Masters winner Jordan Spieth showed signs of returning to form last week. Ralph Ellis says the American youngster has another edge as the second Major of the year approaches...
"If anybody can talk the world’s number two player through what it will take to deal with the ferocious winds that sometimes blow across Chambers Bay, then it is Greller. And that will give the youngster a vital edge."
There's one big question about Jordan Spieth as the US Open approaches - how will the record breaking Masters champion handle what is effectively a links course.
The 21-year-old phenomenon has grown up playing his golf on the classic American college circuit of perfectly manicured parkland courses, mostly in perfect weather. When he won at Augusta the sun was smiling on him as he compiled that magnificent series of four rounds to lead from gun to tape.
It was the sort of performance that, given his background, would normally make him ideally qualified for the second Major of the year. But this year it is different because the venue of the US Open is also so strikingly different.
Chambers Bay was a sand and gravel works until little more than a decade ago. It opened for business as a municipal golf course only in 2008. Sat with the magnificent Pacific Ocean as its backdrop, the fact it was still registered as a quarry while it was being built meant mountains of earth could be moved to help it resemble some of the historic courses around the English coasts.
So, as Joe Dyer spelled out on these pages recently, a track record at The Open is one of the essential parts of the CV when you are working out who to back when the world's top players arrive there next week.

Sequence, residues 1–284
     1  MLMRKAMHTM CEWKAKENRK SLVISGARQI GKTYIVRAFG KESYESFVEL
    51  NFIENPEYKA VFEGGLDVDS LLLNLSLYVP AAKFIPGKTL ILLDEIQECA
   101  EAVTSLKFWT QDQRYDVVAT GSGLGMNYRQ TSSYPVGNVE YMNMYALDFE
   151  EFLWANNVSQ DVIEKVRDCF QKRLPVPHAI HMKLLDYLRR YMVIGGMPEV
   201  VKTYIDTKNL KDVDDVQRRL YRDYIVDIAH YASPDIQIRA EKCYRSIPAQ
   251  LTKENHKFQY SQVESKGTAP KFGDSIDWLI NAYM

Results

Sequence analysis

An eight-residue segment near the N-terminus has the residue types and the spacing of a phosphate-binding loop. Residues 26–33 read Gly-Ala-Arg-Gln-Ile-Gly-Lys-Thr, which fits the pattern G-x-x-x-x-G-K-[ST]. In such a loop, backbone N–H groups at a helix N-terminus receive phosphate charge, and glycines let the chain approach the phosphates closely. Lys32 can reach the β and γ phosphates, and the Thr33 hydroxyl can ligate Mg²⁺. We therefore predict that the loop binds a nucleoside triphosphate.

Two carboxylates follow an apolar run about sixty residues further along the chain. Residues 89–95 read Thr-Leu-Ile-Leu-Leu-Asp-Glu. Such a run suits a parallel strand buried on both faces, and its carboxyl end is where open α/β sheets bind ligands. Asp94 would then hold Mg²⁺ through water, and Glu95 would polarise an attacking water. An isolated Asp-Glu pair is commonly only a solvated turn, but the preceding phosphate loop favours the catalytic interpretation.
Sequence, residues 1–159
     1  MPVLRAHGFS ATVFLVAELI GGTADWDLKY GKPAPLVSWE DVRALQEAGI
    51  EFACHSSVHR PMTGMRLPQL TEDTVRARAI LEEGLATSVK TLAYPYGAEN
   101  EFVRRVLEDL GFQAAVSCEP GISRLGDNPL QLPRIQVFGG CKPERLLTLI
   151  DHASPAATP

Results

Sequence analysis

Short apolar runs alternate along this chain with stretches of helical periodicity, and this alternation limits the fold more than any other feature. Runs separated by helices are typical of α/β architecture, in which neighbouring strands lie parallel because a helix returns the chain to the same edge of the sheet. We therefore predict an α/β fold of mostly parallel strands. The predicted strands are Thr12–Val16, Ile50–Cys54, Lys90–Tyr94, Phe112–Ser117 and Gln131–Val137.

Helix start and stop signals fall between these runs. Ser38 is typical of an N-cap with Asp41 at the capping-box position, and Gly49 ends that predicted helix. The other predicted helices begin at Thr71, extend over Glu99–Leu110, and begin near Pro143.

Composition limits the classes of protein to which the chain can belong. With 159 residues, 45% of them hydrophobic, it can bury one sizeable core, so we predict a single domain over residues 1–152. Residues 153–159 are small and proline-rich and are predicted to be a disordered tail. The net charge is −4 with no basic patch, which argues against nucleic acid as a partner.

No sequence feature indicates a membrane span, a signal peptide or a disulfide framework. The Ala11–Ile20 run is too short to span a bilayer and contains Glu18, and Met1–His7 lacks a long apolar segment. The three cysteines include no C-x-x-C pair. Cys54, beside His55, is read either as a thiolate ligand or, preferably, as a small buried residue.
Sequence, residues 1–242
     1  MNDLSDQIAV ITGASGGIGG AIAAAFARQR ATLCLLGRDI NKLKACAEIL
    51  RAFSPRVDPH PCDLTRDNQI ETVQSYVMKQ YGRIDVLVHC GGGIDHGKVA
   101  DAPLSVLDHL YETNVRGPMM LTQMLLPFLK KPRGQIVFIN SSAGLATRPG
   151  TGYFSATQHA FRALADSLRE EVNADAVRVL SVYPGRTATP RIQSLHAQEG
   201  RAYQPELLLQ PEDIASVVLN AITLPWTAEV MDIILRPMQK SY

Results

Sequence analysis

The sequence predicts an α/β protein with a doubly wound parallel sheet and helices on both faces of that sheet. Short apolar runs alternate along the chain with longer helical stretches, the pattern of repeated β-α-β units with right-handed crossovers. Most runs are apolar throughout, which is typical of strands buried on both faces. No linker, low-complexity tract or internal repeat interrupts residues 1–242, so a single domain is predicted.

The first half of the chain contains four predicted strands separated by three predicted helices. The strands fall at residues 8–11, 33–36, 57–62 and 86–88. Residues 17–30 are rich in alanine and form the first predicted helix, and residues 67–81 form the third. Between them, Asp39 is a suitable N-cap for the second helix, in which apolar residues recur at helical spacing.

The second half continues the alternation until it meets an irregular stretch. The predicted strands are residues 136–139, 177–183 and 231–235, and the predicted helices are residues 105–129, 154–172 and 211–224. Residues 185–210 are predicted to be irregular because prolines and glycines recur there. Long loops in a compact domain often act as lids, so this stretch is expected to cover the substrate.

That would tend to rule out Spieth. He has played in The Open only twice, and his record of tied for 44th place at Muirfield in 2013 then 36th at Royal Liverpool last year hardly encourages you to support him to be this year's US Open winner at his current price of 9.89/1.
But there's one crucial factor in his favour - and that is his caddy Michael Greller. Because guess where the former maths teacher, who quit his job to take Spieth on tour, first carried bags as a part-timer? At Chambers Bay.
When the course opened, Greller was one of the first to pick up some part-time work to supplement his teaching income by doing some caddying there. That was how he eventually came to carry the bag for Spieth when the course was chosen for the 2010 US Amateur championships. And it was where their relationship began to develop.
So if anybody can talk the world's number two player through what it will take to deal with the ferocious winds that sometimes blow across Chambers Bay, then it is Greller. And that will give the youngster a vital edge.
Spieth's game took an inevitable dip after his achievements at Augusta, but it is moving back into gear at just the right time. His final round 65 at The Memorial was a reminder of his instinctive ball-striking qualities. It was also his 12th round of par or better in a row after missing the cut at The Players Championship.
He is heading for Chambers Bay with his game in good shape, knowing the areas that need a little bit of polishing up, and with the perfect guide to tell him what to work on.
Nobody since Tiger Woods in 2002 has followed up a Masters win by taking the US Open too - but if anybody can do it, Spieth can. He's got the inside knowledge to do the job.
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